The topic for this Constitution Monday comes from the Seventh Amendment to the Constitution of the United States: “In Suits at common law … no fact tried by a jury, shall be otherwise re-examined in any Court of the United States, than according to the rules of the common law.” This means that no changes can be made once the jury has made and reported their decision.
W. Cleon Skousen explained that “no judge of a trial court can substitute his opinion of the facts for that of the jury, nor can an appellate court set aside the jury’s findings and make a final order on its own.
“In case of a mistrial, the court may order a hearing before another jury, or a new trial can be ordered by an appellate court if there was an error of law committed by the trial court.” (See “The Making of America – The Meaning and Substance of the Constitution, p. 710.)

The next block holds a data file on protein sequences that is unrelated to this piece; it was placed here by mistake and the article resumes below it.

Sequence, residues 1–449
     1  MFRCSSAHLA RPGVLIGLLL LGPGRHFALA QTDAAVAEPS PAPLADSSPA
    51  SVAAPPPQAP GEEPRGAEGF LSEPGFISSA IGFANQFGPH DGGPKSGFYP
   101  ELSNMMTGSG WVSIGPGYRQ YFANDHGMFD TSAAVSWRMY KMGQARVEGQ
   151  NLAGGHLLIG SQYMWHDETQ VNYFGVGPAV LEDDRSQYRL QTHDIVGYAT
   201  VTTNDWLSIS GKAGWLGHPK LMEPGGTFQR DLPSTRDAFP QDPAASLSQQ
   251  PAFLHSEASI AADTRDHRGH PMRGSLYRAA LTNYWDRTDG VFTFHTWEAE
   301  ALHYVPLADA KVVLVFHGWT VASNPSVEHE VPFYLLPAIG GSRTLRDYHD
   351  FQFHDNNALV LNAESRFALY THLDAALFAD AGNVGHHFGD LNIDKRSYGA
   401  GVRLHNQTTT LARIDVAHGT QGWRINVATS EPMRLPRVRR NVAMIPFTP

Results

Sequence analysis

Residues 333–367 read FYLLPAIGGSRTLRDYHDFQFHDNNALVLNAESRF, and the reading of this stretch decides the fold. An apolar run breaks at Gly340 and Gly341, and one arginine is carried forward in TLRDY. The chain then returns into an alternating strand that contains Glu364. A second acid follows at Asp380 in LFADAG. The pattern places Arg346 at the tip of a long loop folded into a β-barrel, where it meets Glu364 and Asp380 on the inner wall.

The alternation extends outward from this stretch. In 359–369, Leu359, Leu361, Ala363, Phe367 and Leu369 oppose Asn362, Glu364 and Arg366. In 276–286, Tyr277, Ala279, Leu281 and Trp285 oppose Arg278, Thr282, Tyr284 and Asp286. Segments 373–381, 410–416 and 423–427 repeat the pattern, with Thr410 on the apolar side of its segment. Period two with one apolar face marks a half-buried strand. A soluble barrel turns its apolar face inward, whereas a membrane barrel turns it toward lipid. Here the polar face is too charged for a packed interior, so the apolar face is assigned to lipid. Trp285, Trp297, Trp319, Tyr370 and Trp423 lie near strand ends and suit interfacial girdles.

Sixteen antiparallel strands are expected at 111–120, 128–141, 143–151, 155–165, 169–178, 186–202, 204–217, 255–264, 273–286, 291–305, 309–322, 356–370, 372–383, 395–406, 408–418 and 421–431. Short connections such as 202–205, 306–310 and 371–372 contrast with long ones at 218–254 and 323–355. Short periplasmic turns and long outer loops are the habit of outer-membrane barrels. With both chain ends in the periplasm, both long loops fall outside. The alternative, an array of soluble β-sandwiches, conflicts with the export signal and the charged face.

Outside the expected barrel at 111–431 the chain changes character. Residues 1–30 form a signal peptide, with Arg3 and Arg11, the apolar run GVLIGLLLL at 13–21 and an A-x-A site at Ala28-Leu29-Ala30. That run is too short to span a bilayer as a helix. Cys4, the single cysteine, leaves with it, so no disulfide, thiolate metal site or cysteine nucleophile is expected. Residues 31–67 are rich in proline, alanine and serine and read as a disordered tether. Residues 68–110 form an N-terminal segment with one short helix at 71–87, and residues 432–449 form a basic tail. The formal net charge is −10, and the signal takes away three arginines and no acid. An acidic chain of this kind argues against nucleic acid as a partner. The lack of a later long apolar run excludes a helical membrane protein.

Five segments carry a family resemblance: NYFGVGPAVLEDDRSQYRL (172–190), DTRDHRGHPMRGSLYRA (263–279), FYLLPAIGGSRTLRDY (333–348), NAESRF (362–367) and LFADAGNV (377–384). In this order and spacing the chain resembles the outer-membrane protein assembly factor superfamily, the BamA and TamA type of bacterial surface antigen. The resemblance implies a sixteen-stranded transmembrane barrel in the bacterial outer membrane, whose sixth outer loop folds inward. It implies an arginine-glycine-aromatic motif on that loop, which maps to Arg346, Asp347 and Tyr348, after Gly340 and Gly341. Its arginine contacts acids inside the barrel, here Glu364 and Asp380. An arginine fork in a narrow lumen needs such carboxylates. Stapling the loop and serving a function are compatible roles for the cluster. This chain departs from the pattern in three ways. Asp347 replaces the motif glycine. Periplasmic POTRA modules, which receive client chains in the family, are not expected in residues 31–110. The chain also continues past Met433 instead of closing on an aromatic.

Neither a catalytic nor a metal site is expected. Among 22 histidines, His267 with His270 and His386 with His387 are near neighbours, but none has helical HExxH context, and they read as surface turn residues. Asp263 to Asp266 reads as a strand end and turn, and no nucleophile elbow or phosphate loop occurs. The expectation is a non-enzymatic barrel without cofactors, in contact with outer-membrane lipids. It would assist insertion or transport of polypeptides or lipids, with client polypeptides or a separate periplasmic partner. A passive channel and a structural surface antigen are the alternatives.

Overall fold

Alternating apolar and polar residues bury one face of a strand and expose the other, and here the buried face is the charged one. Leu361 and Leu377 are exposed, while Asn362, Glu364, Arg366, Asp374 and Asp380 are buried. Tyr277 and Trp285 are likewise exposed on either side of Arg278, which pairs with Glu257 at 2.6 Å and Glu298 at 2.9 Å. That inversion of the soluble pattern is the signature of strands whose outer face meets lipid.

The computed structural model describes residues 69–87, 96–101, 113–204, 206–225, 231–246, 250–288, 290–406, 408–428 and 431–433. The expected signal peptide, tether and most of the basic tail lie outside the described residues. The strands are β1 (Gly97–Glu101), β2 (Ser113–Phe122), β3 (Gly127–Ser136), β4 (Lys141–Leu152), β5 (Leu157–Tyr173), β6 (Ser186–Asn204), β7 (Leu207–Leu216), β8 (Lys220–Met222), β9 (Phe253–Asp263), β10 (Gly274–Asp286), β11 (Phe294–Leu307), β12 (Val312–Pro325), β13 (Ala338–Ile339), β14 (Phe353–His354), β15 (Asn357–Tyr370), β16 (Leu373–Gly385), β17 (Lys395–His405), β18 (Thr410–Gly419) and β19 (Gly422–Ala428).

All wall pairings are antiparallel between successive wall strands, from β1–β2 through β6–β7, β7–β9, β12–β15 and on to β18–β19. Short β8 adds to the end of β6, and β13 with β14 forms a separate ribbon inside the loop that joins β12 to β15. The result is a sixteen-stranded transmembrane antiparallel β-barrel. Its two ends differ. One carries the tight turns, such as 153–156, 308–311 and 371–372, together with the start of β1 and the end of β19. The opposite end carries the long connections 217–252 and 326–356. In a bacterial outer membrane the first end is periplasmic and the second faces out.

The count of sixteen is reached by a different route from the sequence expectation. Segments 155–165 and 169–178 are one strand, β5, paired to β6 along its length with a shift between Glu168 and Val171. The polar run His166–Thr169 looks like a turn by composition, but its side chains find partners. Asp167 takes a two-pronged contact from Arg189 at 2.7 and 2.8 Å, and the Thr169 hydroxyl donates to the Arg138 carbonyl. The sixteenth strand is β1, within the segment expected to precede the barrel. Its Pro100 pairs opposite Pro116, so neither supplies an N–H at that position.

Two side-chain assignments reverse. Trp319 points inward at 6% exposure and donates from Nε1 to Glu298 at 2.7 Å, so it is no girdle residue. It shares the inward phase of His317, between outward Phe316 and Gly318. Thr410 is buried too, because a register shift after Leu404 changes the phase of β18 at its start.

David F. Forte of The Heritage Foundation explained the Reexamination Clause: “The principle that juries determine questions of fact is a fundamental underpinning of our legal system. The Seventh Amendment was drafted in response to complaints raised during the ratification process that the Constitution failed to protect the institution of the civil jury. The Reexamination Clause, in particular, answered the chorus of objections in the ratifying conventions that the Supreme Court’s appellate power `both as to Law and Fact’ would effectively abolish the civil jury by allowing the Supreme Court to retry facts on appeal. It is for this reason that Justice Joseph Story characterized the Reexamination Clause as `more important’ than the initial phrase of the amendment guaranteeing juries in civil trials….” (See The Heritage Guide to the Constitution, p. 361.)